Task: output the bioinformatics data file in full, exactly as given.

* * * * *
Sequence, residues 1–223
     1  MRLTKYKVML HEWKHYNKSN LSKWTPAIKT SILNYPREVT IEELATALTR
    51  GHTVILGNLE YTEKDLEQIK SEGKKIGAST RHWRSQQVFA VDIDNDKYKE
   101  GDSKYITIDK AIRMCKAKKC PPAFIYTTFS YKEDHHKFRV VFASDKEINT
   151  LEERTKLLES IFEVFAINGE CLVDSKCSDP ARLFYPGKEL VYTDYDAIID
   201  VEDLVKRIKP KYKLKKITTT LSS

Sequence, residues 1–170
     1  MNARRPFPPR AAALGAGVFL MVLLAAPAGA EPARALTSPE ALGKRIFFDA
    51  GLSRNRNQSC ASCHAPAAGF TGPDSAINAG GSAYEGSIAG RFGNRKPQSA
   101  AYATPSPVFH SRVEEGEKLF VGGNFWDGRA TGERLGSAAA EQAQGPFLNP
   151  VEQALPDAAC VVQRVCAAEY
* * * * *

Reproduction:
Sequence, residues 1–223
     1  MRLTKYKVML HEWKHYNKSN LSKWTPAIKT SILNYPREVT IEELATALTR
    51  GHTVILGNLE YTEKDLEQIK SEGKKIGAST RHWRSQQVFA VDIDNDKYKE
   101  GDSKYITIDK AIRMCKAKKC PPAFIYTTFS YKEDHHKFRV VFASDKEINT
   151  LEERTKLLES IFEVFAINGE CLVDSKCSDP ARLFYPGKEL VYTDYDAIID
   201  VEDLVKRIKP KYKLKKITTT LSS

Sequence, residues 1–170
     1  MNARRPFPPR AAALGAGVFL MVLLAAPAGA EPARALTSPE ALGKRIFFDA
    51  GLSRNRNQSC ASCHAPAAGF TGPDSAINAG GSAYEGSIAG RFGNRKPQSA
   101  AYATPSPVFH SRVEEGEKLF VGGNFWDGRA TGERLGSAAA EQAQGPFLNP
   151  VEQALPDAAC VVQRVCAAEY